The Left Hand of God
Paul Hoffman, read by Steve West
Penguin Audio/Books on Tape, 2010
Alternate reality, pseudo-history, or distant future Paul Hoffman’s The Left Hand of God takes known elements of Christianity and history and weaves them into a dark and fascinating story that will grab you and drag you forward. Thomas Cale is an orphan apprenticed to the Redeemers; a harsh order of warrior monks and fanatics devoted to a twisted version of Christianity (with definite Catholic overtones) to the point of fanaticism. Subject to cruelty not limited to daily beatings and insufficient nutrition, Cale is finally confronted with a horror even he cannot tolerate. The resulting conflict sends Cale and his friends Vague Henry and Kleist on the run into a new and dangerous world far different from what they’ve experience at the Sanctuary.
The Left Hand of God is not a happy book. Cale is subjected to abject cruelty and Hoffman’s clear and unflinching prose describes the beatings and harsh indoctrination to the teaching of the Hanged Redeemer in no uncertain terms. Narrator Steve West quiet, staid voice gives that unrelenting prose the sense of a secret being told the listener and left me almost leaning forward to listen in anticipation. While there are many great audiobook narrators out there it is always a wondrous thing when a publisher manages to pair together an author and narrator whose distinctive styles mesh into a synthesis that elevates the talent of both to a level beyond the text. Such is the case here and I expect that I connected more with this book through West’s narration than I might have had I read the novel myself.
Cale is a fascinating character who we observe from the outside. While the third person narration frequently offers insight that we wouldn’t normally have it remains curiously pulled back leaving us to guess at Cale’s true motivations and highlighting his moral ambiguity. Indeed, as we learn more about Cale he becomes something of an avatar of violence; neither good nor bad outright but unpredictable and nigh inscrutable. His humanity seems scoured away by the brutality he has experienced at the hands of the Redeemers; a fact accented by the disturbing “gift” he displays as the novel wears on. That lack of humanity in what amounts to our main character is highlight by his companions Vague Henri and Kleist who offer both compassion and humor respectively to balance Cale’s cold and dour demeanor.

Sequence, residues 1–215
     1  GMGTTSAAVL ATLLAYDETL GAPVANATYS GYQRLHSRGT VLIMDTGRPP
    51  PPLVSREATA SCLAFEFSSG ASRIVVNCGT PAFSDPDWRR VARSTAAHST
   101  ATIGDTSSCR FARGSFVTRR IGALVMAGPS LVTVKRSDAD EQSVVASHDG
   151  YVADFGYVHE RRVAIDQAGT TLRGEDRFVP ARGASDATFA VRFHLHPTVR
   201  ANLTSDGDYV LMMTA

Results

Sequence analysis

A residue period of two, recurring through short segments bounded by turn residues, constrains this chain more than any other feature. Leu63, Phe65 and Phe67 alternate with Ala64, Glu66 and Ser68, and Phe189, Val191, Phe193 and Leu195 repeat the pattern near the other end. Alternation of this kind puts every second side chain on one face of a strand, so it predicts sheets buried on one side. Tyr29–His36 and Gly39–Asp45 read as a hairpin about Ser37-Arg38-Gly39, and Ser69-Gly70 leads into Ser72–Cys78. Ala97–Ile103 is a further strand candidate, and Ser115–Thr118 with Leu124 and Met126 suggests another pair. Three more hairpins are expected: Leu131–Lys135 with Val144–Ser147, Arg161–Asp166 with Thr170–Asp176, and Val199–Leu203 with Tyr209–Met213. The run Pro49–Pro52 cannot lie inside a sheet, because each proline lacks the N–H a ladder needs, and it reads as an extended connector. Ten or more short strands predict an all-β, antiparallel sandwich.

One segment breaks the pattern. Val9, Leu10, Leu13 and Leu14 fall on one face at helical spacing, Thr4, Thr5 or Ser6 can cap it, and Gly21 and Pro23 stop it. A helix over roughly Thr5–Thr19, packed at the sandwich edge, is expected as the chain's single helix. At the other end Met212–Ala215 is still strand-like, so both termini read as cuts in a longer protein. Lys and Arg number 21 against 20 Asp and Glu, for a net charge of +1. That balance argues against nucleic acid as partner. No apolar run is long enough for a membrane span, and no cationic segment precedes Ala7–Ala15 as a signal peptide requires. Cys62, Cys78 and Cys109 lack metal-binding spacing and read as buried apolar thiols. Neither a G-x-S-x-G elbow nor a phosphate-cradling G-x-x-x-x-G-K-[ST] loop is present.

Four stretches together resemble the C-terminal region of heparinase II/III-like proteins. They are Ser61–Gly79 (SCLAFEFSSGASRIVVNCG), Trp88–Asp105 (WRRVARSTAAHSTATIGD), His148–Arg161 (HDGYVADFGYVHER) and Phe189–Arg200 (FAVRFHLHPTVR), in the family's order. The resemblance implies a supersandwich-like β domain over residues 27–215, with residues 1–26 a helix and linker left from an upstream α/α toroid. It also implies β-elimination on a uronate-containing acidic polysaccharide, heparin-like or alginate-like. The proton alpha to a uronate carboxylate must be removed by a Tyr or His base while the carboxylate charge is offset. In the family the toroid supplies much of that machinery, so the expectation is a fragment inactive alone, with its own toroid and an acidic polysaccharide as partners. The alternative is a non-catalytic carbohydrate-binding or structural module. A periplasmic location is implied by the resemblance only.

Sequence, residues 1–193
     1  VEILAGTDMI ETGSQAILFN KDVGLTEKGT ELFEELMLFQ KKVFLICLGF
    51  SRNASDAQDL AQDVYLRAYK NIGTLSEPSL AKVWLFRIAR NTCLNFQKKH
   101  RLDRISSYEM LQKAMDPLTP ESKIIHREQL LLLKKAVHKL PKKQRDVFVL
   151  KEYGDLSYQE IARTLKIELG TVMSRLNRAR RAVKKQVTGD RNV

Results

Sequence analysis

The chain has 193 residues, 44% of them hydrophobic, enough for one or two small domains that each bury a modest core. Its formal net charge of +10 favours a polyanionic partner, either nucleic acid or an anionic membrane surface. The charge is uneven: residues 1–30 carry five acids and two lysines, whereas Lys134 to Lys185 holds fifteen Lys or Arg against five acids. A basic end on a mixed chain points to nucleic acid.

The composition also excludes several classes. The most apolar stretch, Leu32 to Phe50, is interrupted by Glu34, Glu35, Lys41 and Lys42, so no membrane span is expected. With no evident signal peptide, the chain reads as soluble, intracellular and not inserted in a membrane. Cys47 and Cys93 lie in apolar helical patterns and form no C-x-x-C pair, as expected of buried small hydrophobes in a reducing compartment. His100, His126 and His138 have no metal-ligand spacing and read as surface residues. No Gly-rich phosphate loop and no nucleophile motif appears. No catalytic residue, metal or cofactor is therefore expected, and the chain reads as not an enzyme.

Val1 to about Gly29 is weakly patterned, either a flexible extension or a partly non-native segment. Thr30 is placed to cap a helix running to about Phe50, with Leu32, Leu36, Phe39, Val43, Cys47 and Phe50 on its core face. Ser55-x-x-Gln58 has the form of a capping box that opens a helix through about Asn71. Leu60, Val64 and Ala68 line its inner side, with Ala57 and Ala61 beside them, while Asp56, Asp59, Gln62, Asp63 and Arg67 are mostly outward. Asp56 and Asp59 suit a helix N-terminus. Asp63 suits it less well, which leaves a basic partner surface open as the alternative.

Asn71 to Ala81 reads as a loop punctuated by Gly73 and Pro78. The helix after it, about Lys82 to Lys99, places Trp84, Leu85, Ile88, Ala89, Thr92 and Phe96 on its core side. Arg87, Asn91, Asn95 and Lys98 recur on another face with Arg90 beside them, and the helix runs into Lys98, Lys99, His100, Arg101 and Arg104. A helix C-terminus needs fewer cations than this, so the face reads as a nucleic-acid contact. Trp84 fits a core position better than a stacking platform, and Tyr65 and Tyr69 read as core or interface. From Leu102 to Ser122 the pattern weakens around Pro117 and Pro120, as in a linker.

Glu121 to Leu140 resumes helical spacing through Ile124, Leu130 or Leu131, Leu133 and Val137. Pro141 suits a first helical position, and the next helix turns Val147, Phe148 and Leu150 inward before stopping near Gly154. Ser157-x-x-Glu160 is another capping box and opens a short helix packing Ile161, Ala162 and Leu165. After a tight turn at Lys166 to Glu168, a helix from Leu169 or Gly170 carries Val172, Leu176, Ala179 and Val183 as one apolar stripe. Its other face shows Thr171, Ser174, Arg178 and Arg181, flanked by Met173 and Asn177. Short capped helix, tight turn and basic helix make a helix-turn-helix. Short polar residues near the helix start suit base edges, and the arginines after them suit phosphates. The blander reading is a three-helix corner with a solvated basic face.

For all of Hoffman’s clarity in describing the brutal violence of his world he has some frustrating tendencies; particularly a habit of building up a scene a bit more than necessary. This was most notable in the buildup to Cales fight against Solomon Solomon in the arena. The description of the arena and its inhabitants, while apt, only served as a means to delay the confrontation itself. Once that confrontation did occur I felt that the added description did little to enhance what occurred. Similarly he occasionally veers away from the main characters to focus on inconsequential minor characters notably during the final climatic battle at the novel’s end where again I felt that diversion offered little in service to the events that eventually occurred. Again, as if in contrast to his clear vision, Hoffman has a tendency towards vaguery when it comes to the world at large and curiously leaves some plot points unexplained. At its best this leaves the reader fascinated and hungry for more information about a specific character. Particularly with Kitty the Hare I felt that Hoffman’s lack of a complete description aided the aura of menace to the nefarious figure. At the same time the mention of the “heretics” in the Redeemer Sanctuary is a fascinating angle left largely unexplored. Beyond the acknowledgement of heretical practices Hoffman doesn’t explain the strange item Cale finds during his initial escape from the Sanctuary, the presence of Riba, or what the aims of the heretics actually were.
None of the above really detracted from my overall enjoyment of The Left Hand of God. While the world building leaves a lot to be desire and is more than a little confusing the strength of Hoffman’s prose allowed me skirt around the problem with no (or at least very few) qualms. Not quite fantasy, not quite historical fiction The Left Hand of God is a dark book that mature readers, adult or teen, will like find enjoyable. The audiobook version is a wonderful production and Steve West’s narration is amazing and engaging. The saddest thing about The Left Hand of God, and probably my only complaint, is that I’ve heard absolutely nothing about the sequel.